How to extract slow logs from elastic cloud

In order to extract and export slow logs (and the normal logs) from elastic cloud you would need to:

  1. Enable logging on the cluster by following this guide.
  2. Run Logstash with the following configuration. This would basically read the logs from the EC cluster and write them to a file locally.

How to interpret slow logs

[2020-02-10T16:43:29,382][TRACE][index.search.slowlog.query] [2f1yTIZ] [logstash-20200210][4] took[10.4s], took_millis[10466], total_hits[18111], types[], stats[], 
search_type[QUERY_THEN_FETCH], total_shards[10], source[{"size":0,"query":{"bool":{"must":[{"range":{"timestamp":{"from":1549266459837,"to":1549871259837,"include_lower":true,
"include_upper":true,"format":"epoch_millis","boost":1.0}}}],"adjust_pure_negative":true,"boost":1.0}},"_source":{"includes":[],"excludes":[]},"stored_fields":"*","docvalue_fields":
[{"field":"timestamp","format":"date_time"},{"field":"utc_time","format":"date_time"}],"script_fields":{"hour_of_day":{"script":{"source":"doc['timestamp'].value.getHourOfDay()",
"lang":"painless"},"ignore_failure":false}},"aggregations":{"maxAgg":{"max":{"field":"bytes"}},"minAgg":{"min":{"field":"bytes"}}}}], id[MY_USER_ID]

The above is an example of a slow log. Its sections include:

sourcethe query that was made
2f1yTIZthe name of the node raising the log
[logstash-20200210][4]index and shard
took[10.4s]the time taken on the shard
id[MY_USER_ID]the client id set by X-Opaque-Id header (see below)

Bear in mind that the logs are generated from the perspective of the shard, so a single query may generate multiple logs across different nodes and for different shards. The times in the query may not tie up with the times that the application takes to see a result, because the overall query is being processed on multiple shards simultaneously. However, from a resources point of view, we gain valuable information about how long it’s taking for the query to process on any given node/shard.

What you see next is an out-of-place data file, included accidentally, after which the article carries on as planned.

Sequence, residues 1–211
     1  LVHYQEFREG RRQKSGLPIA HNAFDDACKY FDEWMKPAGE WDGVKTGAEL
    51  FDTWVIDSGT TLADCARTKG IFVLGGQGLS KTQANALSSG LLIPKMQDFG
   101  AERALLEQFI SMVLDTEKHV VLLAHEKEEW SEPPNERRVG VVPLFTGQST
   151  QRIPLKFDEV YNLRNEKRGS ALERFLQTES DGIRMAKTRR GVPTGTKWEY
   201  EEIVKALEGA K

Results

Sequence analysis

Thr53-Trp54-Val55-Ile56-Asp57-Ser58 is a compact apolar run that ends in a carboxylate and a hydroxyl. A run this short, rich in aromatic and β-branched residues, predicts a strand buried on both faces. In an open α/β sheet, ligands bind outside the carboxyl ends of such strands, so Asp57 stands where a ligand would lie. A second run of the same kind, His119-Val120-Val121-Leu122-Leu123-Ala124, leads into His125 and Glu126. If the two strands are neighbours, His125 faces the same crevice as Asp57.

Consistently slow VS. occasionally slow

Queries may occasionally run slowly because of resource issues. It is possible for a simple, well-constructed query to be slow because of other activities (such as garbage collection or indexing activity) that are taking up resources on the node. In cases like these, the slow query may be a “symptom” of an issue and not the “cause” of it.

For this reason, you should look for queries that are consistently slow. These typically may involve scripts or large cardinality aggregations with large “size”s defined. These are likely to be the causes of slow response and resource usage across the cluster, so they should be prioritized for optimisation.

Tracing the source of queries in your application (X-Opaque-Id Header)

In large applications, it may be difficult to trace which applications are responsible for the slow queries you see in your logs. A solution here is to use an X-Opaque-Id header each time you create a query. The way to do this depends on the client, but for example, in python it can be done like this:

client = Elasticsearch()

# You can apply X-Opaque-Id in any API request via 'opaque_id':
resp = client.get(index="test", id="1", opaque_id="request-1")

This will add an ID to any slow logs generated by this request:

id[request-1]

Notes

In ES8, index.indexing.slowlog.level and index.search.slowlog.level are going to be removed. These settings can be worked around by using appropriate thresholds.

Further References

How to optimize search queries:

https://opster.com/blogs/improve-elasticsearch-search-performance/

How to optimize indexing:

https://opster.com/elasticsearch-glossary/slow-indexing-in-nodes/

How to handle performance issues on a particular node not related to the query:

https://opster.com/elasticsearch-glossary/search-is-slow-in-nodesnames/